Yahoo and IPv6
jared at puck.nether.net
Mon May 9 20:41:50 UTC 2011
On May 9, 2011, at 4:26 PM, Jeff Wheeler wrote:
> This problem is, and always has been, on the access side. Point your
> fingers that way.
I think we're in a stage where the access networks are playing catch-up.
The CPE marketplace is going to see some significant growth in sales in the short term as well.
I'll say that enabling IPv6 in the datacenter and the core is "easy". Any modern hardware worth the cash you spend on it does native IPv6. (If the hardware does not, eg: firewalls, etc, please re-read the prior statement).
Putting IPv6 in a datacenter or on a lan is easy. You put a /64 there, let the host use SLAAC and let the RA magic work. You talk to the nameserver over your dual-stack (IPv4) side and it's all set.
While there are concerns about people sending bogus RA's and other things, the same is true for anyone putting the router IP address on the main ethernet of a server too. These all cause problems.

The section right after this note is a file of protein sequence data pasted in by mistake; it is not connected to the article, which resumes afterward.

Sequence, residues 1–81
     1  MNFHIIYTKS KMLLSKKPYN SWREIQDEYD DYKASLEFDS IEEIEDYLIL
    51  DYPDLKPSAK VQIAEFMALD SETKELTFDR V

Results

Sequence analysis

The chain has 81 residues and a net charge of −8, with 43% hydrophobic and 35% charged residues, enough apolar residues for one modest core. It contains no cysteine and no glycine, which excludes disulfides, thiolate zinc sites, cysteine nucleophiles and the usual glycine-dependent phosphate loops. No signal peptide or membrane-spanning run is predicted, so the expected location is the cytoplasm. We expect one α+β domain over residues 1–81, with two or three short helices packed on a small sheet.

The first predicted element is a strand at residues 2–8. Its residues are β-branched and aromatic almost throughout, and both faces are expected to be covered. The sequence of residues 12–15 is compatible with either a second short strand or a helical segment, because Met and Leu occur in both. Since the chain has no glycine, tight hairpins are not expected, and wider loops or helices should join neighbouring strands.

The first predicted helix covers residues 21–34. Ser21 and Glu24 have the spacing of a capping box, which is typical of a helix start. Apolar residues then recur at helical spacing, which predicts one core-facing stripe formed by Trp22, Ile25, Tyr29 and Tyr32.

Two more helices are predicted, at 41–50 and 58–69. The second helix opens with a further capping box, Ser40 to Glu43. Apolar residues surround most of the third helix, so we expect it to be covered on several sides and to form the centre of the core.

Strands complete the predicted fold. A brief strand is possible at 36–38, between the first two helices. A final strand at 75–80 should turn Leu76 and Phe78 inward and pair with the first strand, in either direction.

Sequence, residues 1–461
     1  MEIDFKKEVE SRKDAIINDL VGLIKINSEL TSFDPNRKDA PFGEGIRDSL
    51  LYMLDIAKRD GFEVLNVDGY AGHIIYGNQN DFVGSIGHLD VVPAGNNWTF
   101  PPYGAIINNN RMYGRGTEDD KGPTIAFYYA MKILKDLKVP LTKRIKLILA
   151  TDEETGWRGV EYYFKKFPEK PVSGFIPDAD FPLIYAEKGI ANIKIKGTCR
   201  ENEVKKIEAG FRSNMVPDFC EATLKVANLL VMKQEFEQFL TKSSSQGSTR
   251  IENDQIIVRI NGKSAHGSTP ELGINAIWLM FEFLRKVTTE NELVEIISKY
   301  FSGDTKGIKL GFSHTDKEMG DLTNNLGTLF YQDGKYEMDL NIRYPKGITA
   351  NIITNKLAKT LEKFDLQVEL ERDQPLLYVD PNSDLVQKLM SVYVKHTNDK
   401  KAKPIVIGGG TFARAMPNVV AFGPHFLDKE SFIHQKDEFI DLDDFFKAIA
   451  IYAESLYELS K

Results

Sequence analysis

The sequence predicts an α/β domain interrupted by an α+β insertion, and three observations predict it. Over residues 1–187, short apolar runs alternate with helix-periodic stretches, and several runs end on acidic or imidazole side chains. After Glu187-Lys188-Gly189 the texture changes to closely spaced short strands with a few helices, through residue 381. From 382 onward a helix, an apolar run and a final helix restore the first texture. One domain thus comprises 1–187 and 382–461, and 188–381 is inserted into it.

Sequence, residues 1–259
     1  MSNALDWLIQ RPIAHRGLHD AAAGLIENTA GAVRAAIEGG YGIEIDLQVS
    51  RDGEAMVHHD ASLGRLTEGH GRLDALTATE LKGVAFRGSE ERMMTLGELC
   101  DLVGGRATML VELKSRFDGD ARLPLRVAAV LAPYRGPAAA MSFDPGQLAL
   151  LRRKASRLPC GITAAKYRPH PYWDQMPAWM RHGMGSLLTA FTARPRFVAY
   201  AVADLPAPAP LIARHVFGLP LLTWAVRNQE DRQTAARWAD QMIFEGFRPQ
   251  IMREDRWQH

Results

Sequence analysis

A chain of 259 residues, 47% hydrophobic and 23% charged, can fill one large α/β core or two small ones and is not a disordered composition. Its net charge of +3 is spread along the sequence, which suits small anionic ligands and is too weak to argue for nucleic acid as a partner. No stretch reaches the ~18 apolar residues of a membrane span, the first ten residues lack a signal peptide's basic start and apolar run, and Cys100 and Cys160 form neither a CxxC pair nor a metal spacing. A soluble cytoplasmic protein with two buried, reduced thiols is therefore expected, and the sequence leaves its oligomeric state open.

The routing protocols are all there, either with ISIS or OSPFv3. BGP is there too. You can even skip over non-IPv6 enabled nodes by doing 6PE if you have MPLS in your network.
I'm hopeful that nobody will see the problems out there on IPv6 day. They've been dealt with in the 99%+ of the cases already.
The fact that we're talking about something past the decimal point is good IMHO. I've observed that the top-million sites can't get it better than 99.4% right for a DNS query. I can break that out by the top-10, 100, 1k, 10k, 100k and show a graph if that's useful. I think it's "good enough". I'd like to call out those with broken network elements and suggest they fix them.
I'd like to have native IPv6 at home, but my provider is not ready yet. "Soon" is my hope.
The fact that it's there in many other places means it's possible. I'd like to see more progress getting there than finger pointing. I expect the next 30 days to be a lot of fun getting to IPv6 day, and it to be far less eventful than we worry it will be.
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